Specialized Master’s At The Top 50 B-Schools

MIT Sloan School of Management - Ethan Baron photo

MIT Sloan School of Management – Ethan Baron photo

Everyone interested in a specialized master’s program at a U.S. business school runs into the same problem: the degrees have taken off so fast that information about them has not been consolidated into anything resembling the clearinghouses available for research into MBA programs.

Sorting out which U.S. B-school master’s programs are the best choices for a particular student can be difficult. No reliable rankings exist. U.S. News & World Report‘s rankings of specialty master’s programs are shallow and subjective, based only on survey responses from business school deans and directors of accredited master’s programs. The Financial Times rankings of finance and management master’s programs focus mainly on European schools.

And lest you stumble upon the host of specialized-master’s rankings at “TFE Times” and think they must be heaven sent, note the website’s other content, such as “Saving Your Pet With CPR,” “What If You Made Alien Contact?” and “222 Powerful Actions (sic) Verbs to Use in Resume.” (That type of distracting content, however, did not deter the Michigan State Broad College of Business from hyping, on its website, its No. 7 ranking from TFE for its business analytics program. Indeed, the Syracuse University Whitman School had its master of finance program director in October publicly salute his program’s No. 33 TFE ranking, and the University of Rochester Simon School lists its four spots in the TFE ranking among its placements alongside its rankings in U.S. NewsBloomberg BusinessWeek, and the Financial Times.)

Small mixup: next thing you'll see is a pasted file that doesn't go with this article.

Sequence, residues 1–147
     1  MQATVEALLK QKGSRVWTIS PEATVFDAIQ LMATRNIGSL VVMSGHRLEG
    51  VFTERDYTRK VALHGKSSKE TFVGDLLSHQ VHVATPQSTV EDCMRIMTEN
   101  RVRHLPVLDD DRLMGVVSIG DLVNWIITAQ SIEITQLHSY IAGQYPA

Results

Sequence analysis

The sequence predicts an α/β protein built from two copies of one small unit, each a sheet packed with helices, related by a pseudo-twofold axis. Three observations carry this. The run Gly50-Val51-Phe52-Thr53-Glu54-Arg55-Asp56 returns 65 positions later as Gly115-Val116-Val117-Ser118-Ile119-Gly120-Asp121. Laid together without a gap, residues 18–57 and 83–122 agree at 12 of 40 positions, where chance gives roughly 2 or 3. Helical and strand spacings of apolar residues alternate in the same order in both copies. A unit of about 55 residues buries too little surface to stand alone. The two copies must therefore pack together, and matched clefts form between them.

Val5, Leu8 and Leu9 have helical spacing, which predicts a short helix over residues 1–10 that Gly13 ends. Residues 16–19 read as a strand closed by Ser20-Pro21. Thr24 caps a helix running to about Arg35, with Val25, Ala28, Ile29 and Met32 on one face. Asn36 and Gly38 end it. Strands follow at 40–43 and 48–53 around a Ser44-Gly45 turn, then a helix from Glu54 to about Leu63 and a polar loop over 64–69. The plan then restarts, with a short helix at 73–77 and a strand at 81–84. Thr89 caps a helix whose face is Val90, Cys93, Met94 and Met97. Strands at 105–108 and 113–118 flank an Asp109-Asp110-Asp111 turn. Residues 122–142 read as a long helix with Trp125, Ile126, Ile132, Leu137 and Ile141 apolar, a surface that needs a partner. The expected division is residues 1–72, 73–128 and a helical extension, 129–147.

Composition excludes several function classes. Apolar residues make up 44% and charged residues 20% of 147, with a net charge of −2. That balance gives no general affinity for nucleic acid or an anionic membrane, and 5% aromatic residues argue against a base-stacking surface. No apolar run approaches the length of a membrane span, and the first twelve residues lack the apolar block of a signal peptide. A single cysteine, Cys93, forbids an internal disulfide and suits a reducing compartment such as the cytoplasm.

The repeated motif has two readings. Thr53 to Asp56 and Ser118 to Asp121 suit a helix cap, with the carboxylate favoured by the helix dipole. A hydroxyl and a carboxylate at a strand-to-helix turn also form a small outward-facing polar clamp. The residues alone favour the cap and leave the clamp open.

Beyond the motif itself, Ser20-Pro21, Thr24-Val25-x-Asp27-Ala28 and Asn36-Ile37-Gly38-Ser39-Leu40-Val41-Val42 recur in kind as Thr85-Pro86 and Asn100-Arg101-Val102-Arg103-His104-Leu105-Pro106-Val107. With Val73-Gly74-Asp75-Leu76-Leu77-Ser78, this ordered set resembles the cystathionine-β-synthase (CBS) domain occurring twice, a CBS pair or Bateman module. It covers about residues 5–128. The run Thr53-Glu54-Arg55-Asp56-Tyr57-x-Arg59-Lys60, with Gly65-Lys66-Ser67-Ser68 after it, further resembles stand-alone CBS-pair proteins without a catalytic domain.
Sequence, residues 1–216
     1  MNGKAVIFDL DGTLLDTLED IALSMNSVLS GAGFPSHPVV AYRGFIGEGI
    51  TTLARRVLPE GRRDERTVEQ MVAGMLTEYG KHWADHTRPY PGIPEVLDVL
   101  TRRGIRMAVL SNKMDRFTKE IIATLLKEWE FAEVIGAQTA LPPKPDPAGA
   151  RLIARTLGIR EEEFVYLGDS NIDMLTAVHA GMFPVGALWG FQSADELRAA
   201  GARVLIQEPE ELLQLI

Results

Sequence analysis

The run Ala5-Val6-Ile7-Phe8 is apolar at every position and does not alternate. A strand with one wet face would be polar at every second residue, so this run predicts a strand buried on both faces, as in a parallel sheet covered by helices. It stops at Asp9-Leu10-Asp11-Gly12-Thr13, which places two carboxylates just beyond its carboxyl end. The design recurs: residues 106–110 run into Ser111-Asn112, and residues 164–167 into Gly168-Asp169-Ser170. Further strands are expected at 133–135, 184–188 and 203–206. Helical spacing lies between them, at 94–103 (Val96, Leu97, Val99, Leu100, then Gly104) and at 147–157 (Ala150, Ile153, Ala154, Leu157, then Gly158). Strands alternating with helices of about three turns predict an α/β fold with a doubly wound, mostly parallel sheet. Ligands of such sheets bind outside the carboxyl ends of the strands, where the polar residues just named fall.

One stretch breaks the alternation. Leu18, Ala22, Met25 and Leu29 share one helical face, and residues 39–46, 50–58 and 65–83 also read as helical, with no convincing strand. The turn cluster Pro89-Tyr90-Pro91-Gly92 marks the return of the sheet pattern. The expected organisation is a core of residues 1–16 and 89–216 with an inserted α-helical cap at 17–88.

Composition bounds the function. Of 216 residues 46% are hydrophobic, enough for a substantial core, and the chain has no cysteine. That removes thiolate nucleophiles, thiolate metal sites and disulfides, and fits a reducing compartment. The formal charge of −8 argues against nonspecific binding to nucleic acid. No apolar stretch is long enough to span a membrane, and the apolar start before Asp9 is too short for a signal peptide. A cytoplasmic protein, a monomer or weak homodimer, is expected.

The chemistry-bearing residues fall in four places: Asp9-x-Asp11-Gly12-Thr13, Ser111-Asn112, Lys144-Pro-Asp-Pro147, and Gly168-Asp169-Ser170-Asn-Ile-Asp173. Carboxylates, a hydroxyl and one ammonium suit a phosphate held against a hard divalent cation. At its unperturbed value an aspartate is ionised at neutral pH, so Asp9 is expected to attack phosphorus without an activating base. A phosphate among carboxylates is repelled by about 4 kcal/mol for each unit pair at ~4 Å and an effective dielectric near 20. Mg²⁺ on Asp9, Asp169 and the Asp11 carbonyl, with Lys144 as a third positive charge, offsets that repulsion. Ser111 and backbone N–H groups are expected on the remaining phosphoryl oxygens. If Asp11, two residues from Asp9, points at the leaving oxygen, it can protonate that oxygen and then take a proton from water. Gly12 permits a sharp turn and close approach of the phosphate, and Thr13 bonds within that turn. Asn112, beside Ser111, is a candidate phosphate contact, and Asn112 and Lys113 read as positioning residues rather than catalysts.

To fill that gap, Poets&Quants has compiled important data for specialty master’s programs at the top 50 business schools in America. For the top 25 schools, we list all programs, the years they were started, their durations, and total program tuition. For schools 26 through 50, we list all programs. In the near future, Poets&Quants will publish a comprehensive list of specialized master’s programs at the top 100 schools, including durations and tuition.

Specialized Master’s Programs at the Poets&Quants Top 25 Business Schools, by rank: